VIAGGI – FAMILY TRAVEL
That first crisp fall day brings with it hope. There’s something about breaking through the heat and the jewel-toned rainbow of leaves freeing themselves from the prison of branches. It’s a new school year with its fresh faces eager to learn. It’s the empty cornucopia, little by little, getting filled with bounty. It’s shorter days and cozy nights. And October is fall’s sweet spot, a time when it’s still possible to reinvent yourself and spend an entire day outdoors without either melting or freezing. That is the precise moment when the farms beckon you. For us that means heading to Alstede Farms in Chester, N.J.
New Jersey, the Garden State, is the perfect place to be at this most wonderful time of year. (You can learn more about different Jersey farms in my book, Fun with the Kids New Jersey). Visitors and natives alike have a plethora of places to go to take in the wonders of Mother Nature. While we have enjoyed a number of New Jersey farms over the years, we keep going back to Alstede because there is so much to do that every visit seems like the first one.
Here, kids can get up close and personal with farm animals. My son had a full-fledged conversation with a turkey, and peeked at a hen either laying on eggs or simply digging a hole for her weary body to find rest on our most recent visit. We saw kissing donkeys, playful goats, and working horses. My son and his cousins went on pony rides and seemed to float in air in the bounce house. They got giddy and waved at Nonna from the mini hay ride for the little ones.
Of course, the whole family hopped in the back hay-ridden bed of the big boy tractor pull, which offered the chance to glimpse at geese frolicking in a fountain and rows and rows of corn stalks. You can see tomatoes, peppers, eggplants, and weepy sunflowers, all of which you can pick and bring home. (You pay by the weight of your haul.) In the fall, you’ll also see sleeping peach trees and whatever is left of the raspberries. It wouldn’t be a fall fest without music, photo props all over the grounds, and the ability for every kid to pick his own pumpkin to bring home. It’s the great pumpkin, Charlie Brown!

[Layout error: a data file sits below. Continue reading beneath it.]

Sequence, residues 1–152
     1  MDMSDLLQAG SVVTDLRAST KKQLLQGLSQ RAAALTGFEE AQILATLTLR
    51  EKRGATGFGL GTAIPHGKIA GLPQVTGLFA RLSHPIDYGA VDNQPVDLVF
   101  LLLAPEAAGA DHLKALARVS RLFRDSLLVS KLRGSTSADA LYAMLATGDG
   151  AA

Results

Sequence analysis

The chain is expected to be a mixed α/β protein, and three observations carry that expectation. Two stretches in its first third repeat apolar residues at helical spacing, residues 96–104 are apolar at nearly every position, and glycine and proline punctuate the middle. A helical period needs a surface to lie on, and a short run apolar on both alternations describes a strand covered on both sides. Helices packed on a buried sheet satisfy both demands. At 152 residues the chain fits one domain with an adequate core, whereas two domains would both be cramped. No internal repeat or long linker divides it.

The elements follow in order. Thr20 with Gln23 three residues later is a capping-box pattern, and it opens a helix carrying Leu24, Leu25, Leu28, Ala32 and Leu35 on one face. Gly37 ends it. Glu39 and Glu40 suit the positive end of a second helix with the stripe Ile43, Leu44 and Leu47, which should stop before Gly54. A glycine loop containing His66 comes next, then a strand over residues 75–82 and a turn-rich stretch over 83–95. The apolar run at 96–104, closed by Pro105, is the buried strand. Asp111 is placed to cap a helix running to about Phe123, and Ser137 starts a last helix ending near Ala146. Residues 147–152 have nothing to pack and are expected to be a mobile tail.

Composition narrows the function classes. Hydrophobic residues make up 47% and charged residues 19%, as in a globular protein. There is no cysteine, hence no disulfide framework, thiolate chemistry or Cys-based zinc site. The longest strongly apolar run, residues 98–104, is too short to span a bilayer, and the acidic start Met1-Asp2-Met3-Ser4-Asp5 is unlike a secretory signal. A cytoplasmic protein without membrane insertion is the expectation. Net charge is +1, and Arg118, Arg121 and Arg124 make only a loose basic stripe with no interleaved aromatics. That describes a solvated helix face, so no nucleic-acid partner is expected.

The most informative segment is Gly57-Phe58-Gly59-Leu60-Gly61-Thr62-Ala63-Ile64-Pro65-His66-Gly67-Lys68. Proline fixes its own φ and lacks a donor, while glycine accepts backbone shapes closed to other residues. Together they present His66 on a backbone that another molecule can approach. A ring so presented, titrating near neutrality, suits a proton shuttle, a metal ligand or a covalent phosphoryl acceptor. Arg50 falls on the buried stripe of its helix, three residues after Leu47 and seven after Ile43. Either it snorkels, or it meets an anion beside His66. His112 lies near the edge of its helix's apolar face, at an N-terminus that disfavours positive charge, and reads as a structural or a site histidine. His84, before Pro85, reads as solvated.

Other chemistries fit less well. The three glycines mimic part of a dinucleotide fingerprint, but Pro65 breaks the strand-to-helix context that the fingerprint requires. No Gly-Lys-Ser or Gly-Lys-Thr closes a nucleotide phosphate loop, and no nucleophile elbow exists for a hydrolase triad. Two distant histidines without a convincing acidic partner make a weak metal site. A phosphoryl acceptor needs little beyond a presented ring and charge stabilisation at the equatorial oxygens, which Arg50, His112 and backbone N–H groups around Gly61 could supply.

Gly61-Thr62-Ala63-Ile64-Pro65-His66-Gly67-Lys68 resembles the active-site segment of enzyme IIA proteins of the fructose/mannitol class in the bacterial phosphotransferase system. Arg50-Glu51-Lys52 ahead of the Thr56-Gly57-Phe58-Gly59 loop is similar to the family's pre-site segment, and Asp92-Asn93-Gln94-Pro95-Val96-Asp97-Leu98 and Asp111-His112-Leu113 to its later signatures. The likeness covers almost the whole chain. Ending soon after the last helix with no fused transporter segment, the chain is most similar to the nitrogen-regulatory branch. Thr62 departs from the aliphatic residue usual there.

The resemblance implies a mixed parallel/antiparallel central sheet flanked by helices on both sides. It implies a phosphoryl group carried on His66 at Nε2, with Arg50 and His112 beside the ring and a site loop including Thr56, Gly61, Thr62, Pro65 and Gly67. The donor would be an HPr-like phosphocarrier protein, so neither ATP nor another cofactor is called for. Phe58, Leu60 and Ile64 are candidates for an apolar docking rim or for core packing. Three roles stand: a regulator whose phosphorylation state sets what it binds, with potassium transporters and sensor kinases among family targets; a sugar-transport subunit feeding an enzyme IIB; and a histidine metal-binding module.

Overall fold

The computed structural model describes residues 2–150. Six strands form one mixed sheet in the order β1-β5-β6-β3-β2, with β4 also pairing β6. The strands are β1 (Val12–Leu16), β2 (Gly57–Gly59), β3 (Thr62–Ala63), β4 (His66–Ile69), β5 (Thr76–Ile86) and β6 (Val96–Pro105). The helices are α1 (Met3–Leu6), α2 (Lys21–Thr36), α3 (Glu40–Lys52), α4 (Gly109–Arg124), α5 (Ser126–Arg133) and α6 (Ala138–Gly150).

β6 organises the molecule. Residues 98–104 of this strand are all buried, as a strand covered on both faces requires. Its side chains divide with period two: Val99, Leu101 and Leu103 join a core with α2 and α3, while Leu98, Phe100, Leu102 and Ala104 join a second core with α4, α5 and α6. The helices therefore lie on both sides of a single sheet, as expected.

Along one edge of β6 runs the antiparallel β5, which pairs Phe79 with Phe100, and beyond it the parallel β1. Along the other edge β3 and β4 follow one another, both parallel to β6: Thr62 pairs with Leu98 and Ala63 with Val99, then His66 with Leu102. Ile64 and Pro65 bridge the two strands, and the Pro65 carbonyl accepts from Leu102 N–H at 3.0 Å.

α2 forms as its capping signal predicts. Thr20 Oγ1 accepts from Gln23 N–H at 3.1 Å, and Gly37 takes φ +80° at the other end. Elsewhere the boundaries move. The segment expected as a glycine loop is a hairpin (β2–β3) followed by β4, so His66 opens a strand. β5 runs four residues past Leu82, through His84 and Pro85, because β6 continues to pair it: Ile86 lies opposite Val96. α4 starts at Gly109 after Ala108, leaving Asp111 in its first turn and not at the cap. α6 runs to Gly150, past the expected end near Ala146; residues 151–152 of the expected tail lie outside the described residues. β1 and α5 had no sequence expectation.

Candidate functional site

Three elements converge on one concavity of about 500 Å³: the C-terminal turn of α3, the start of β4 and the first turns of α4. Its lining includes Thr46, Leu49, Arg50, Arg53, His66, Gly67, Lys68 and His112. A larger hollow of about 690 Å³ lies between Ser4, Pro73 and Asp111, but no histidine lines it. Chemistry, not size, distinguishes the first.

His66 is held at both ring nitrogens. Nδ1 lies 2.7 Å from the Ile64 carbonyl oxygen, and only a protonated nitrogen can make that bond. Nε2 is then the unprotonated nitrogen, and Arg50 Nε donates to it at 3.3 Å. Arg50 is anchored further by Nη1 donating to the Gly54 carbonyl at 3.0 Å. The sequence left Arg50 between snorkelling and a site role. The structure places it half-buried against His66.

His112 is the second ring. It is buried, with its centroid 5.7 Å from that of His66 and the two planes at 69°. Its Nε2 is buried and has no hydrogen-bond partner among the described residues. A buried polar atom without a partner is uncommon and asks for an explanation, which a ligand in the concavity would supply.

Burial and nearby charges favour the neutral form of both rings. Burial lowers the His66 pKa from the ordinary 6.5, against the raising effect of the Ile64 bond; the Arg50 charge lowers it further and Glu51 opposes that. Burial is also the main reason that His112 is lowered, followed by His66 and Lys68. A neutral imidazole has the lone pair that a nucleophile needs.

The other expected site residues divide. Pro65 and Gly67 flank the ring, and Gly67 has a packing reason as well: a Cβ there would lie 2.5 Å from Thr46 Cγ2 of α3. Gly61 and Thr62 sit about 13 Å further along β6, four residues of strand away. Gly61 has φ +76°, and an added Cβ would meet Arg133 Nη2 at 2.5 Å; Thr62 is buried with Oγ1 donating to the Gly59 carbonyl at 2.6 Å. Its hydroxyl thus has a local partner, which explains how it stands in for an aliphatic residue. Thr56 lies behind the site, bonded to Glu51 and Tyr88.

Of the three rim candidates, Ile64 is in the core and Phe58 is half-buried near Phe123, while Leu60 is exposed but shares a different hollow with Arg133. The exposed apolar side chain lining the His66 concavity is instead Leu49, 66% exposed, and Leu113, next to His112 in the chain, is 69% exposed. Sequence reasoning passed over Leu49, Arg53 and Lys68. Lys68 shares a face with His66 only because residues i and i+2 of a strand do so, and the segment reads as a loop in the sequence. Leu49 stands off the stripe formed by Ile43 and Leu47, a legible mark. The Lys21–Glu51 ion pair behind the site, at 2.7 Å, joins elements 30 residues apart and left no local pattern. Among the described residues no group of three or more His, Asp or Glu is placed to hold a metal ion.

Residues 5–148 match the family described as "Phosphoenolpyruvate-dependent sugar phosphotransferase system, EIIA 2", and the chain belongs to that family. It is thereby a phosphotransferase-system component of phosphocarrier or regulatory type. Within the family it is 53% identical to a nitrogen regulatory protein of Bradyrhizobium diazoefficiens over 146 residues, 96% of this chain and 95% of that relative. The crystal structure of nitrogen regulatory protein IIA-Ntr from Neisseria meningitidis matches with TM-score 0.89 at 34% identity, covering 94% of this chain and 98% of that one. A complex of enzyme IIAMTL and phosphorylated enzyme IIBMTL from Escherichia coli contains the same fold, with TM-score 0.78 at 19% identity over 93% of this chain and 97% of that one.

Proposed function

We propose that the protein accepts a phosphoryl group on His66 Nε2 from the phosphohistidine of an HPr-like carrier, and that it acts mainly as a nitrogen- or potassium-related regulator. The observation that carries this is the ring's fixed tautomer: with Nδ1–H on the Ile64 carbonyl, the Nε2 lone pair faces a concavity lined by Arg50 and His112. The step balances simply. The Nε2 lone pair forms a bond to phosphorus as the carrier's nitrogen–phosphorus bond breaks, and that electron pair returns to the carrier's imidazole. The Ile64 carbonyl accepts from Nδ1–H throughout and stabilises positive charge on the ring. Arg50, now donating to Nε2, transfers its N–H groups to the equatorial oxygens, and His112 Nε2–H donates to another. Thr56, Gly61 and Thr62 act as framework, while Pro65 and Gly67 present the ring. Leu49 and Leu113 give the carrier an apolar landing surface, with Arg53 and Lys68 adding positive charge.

For my son, the pumpkin is like the Christmas tree. He oohs and aahs every time the Jack-o-Lantern lights up in the dark of night. While he has ignited his devotion to the season and his love of milkshakes and apple cider doughnuts at the Alstede Farms store, I don’t see that as the magical part of our annual visits. What is most remarkable about our trips to the farms is his discovery of nature and devotion to life. This exchange tipped me off.
Me: “What was your favorite part of today?”
Baby Boy: “Seeing the pumpkin beans [he means seeds], and the caterpillar.”
All that fun stuff and this was his response? What? Then, I thought about it. Amid the pumpkins, including that broken one revealing its seeds, we found a caterpillar covered in dust and camouflaging with the ground. As it burrowed into the ground, my nephew was about to step on it. My son cried real tears and furiously yelled at his cousin. Luckily, my niece had stepped in and kept her brother from killing the caterpillar. My son said, “Don’t kill him, don’t kill him. He lives here.” I keep telling him not to kill insects outside because we need them and the outdoors is their home. This was a small victory for mom, but a victory nonetheless.
A few days earlier, his class went on a field trip to Green Meadows Farm in Hazlet, N.J. There, his teachers tell me he was unafraid to pet chickens and try his hand at milking a cow. Certainly, the farms alone are not responsible for his reverence for animals and nature. My sister, the zookeeper, had something to do with it. His nonno, the landscaper, had something to do with it. His zio, the professional foodie, had something to do with it. All the Italians in our family, who cook from scratch and maintain their perfect little gardens, had something to do with it. We, his mom and papa, who have made preserving his life and helping him understand the responsibility of his place in the world, have something to do with it.
It is with that spirit that we will continue to head to farms and gardens and pick vegetables that we bring home and cook with our own two hand. We will always love animals and appreciate what they deliver – milk, food, love, and the life cycle. And we will try to do our part to save this planet that gives us so much. We shall try, at least, to reap what we sow.